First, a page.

I am going to play the contrarian here.

Parquet is not *always* faster than JSON.

The (almost unique) case where it is better to leave data as JSON (or
whatever) is when the average number of times that a file is read is equal
to or less than roughly 1.

The point is that to convert read the files n times in Parquet format, you
have to read the JSON once, write the Parquet and then read the Parquet n
times. The cost of reading the JSON n times is simply n times the cost of
reading the JSON (neglecting caches and such). As such, if n <= 1+epsilon,
JSON wins.

This isn't as strange a case as it might seem. For security logs, it is
common that the files are never read until you need them. That means that n
is nearly zero on average and n << 1 in any case. For incoming data, it is
common that there is an immediate transformation into an alternative form.
That might be pruning data or elaborating or aggregating. The point is that
the original data need not ever be re-written into Parquet format since it
is only ever read once. Transforming the format would wast time and space.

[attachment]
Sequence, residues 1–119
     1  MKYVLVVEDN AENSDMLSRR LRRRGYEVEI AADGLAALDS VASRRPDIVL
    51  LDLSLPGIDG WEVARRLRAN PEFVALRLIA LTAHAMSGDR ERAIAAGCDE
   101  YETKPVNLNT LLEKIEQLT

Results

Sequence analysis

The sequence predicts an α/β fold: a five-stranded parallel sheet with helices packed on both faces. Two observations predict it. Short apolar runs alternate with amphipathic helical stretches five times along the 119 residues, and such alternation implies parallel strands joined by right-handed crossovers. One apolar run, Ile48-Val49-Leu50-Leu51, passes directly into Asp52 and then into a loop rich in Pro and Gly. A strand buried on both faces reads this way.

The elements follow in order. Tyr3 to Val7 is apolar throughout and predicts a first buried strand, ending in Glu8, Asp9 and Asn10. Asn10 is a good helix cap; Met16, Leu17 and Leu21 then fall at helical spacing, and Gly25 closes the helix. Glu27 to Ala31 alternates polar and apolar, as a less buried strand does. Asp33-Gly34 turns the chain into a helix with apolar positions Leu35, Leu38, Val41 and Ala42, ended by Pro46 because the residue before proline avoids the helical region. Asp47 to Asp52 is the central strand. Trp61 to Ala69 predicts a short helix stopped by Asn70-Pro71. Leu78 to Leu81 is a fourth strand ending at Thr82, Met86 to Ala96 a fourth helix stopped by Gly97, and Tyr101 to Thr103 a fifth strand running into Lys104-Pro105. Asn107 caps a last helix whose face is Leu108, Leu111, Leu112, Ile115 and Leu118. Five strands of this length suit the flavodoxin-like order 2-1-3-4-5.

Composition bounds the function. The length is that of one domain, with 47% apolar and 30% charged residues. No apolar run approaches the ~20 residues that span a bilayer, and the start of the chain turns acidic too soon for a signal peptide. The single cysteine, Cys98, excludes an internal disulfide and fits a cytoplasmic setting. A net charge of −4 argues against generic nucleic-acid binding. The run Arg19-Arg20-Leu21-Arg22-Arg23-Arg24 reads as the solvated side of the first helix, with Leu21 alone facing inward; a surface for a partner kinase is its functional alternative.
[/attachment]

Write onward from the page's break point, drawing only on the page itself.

The other case of importance is where the read time is near zero for JSON.
Transforming to any other format will take near zero time and reading from
any other format will also be near zero. The win for transforming will be
near zero as well.


Having said all that, I agree that reading from Parquet will almost
certainly be faster and combining a bunch of small JSON files together into
a larger parquet file will be a real boon for frequently read data. It just
that faster isn't always better if there is a fixed cost.

On Mon, Jun 11, 2018 at 6:42 AM Padma Penumarthy <[EMAIL PROTECTED]>
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